Puerto Rico’s telecommunications industry is ready to operate at its “maximum capacity,” taking the necessary measures to preserve the health and safety of its customers and employees, Felipe Hernández, president of the Puerto Rican Telecommunications Alliance said.
The executive stressed that the sector is “not only important for consumers, but is also a fundamental pillar to revive the island’s economy, which has been severely impacted by the COVID-19 pandemic.”
“Citizens need to be able to access technological equipment and internet, television and telephone services, so the government must allow us to continue expanding services in a gradual and controlled manner to serve more people,” said Hernández.
The Puerto Rican Telecommunications Alliance comprises internet, television and telephony providers, namely: Aeronet; Claro; Data Access; Liberty Puerto Rico; Neptuno; Optivon; VPNet; and, WorldNet.
Despite all the self-management tools and services provided by phone, there is a need to expand face-to-face channels as there are thousands of people who lack mobile or fixed internet, or simply do not have a bank account, said Hernández.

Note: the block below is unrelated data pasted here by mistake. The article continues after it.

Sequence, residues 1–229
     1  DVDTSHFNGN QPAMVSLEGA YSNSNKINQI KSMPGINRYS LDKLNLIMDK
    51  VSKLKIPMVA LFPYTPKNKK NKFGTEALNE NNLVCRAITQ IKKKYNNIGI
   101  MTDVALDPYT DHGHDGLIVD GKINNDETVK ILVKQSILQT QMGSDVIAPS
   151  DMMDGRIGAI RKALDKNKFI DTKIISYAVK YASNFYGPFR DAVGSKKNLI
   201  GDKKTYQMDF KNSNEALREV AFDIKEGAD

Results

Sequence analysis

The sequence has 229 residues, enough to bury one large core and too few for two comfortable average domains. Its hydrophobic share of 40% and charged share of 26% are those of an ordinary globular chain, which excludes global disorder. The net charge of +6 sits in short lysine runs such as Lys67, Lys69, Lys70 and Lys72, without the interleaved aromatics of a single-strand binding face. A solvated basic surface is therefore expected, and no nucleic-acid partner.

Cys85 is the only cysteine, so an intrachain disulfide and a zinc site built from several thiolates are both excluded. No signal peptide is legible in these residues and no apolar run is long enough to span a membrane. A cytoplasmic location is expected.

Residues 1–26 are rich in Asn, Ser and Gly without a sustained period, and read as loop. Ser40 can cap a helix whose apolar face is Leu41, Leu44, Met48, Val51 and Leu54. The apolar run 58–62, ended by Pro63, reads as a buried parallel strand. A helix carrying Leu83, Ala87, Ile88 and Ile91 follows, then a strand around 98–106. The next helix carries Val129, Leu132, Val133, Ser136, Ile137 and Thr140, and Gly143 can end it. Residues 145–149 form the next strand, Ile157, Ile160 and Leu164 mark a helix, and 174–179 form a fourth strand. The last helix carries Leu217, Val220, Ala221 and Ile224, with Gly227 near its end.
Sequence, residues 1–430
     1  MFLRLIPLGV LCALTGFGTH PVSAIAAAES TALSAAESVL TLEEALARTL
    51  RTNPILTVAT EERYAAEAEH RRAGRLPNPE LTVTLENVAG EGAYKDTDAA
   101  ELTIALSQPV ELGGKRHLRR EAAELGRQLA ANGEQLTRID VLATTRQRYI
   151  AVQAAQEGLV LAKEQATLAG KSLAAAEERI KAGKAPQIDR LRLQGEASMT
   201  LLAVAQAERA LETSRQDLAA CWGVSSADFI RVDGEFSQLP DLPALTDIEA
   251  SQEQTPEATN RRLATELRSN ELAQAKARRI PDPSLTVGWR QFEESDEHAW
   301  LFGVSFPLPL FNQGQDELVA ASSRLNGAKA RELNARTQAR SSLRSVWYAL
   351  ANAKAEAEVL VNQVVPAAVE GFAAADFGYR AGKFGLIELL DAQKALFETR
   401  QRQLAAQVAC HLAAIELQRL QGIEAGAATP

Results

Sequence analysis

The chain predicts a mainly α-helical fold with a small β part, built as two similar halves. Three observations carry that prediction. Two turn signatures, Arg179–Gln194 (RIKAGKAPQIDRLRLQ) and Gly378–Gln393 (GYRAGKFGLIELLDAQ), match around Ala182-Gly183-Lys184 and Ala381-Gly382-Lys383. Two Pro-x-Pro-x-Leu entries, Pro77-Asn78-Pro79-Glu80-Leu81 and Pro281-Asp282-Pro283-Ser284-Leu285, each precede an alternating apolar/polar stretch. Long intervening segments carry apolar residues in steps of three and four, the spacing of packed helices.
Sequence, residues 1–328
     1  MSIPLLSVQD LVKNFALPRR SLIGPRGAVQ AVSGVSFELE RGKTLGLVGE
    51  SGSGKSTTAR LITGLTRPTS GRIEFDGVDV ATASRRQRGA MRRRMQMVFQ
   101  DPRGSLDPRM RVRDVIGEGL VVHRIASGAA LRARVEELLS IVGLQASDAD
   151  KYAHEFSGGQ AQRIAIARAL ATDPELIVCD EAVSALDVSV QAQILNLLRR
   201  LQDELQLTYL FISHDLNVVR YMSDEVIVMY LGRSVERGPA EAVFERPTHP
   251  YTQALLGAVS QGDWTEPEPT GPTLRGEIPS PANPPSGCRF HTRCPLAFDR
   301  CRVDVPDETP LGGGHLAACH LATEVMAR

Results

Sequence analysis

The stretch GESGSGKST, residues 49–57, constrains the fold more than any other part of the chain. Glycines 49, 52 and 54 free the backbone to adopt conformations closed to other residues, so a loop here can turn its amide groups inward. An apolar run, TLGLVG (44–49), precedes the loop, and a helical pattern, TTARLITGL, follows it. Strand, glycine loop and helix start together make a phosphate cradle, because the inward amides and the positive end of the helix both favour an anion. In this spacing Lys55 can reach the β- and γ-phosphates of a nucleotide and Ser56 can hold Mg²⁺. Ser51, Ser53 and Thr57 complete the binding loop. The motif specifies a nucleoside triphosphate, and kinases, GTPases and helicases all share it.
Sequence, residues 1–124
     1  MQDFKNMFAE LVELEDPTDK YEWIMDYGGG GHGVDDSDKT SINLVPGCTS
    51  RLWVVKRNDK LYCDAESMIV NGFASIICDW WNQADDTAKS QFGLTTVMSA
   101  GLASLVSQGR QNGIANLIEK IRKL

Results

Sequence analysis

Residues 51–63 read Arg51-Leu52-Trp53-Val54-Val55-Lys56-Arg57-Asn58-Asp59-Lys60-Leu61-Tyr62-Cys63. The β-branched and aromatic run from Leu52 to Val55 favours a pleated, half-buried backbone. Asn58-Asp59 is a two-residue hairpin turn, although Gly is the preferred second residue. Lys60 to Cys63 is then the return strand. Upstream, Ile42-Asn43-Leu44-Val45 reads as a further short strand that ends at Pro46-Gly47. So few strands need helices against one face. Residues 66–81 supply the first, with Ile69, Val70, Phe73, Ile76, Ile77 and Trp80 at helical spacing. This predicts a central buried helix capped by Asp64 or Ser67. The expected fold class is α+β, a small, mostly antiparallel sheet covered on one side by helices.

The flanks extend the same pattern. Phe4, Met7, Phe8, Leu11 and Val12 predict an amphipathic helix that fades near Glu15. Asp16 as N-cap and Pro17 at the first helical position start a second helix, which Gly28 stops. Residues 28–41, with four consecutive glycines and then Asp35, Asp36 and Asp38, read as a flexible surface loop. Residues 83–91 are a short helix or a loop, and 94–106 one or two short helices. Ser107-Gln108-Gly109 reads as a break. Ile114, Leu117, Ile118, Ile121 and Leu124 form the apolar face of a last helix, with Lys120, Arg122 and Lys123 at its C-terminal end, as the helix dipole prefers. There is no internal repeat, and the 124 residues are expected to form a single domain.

“Our industry has a duty and responsibility to keep the island connected, especially in times of national emergencies,” he said.
“Other important economic sectors, such as banking, hospitals, education, the food industry, fuel, and essential electricity and water services, depend on the operation of telecommunication systems to continue operating and serving the island,” he said.
Since the social distancing provision began on Mar. 16, there has been a double-digit increase in mobile data traffic from 25% to 30% and of 30% in fixed services, which shows the importance of connectivity, he said.
To manage demand, companies have made capital investments in networks capacity and improvements, allowing services to continue to run properly and many people and businesses to continue studying and working from homes.
Hernández stressed the fact that the telecom industry has protocols to preserve the health and safety of its employees and customers, “but that the private sector’s effort must go hand-in-hand with the government’s, to carry out more tests, so it can make reliable projections and develop action plans.”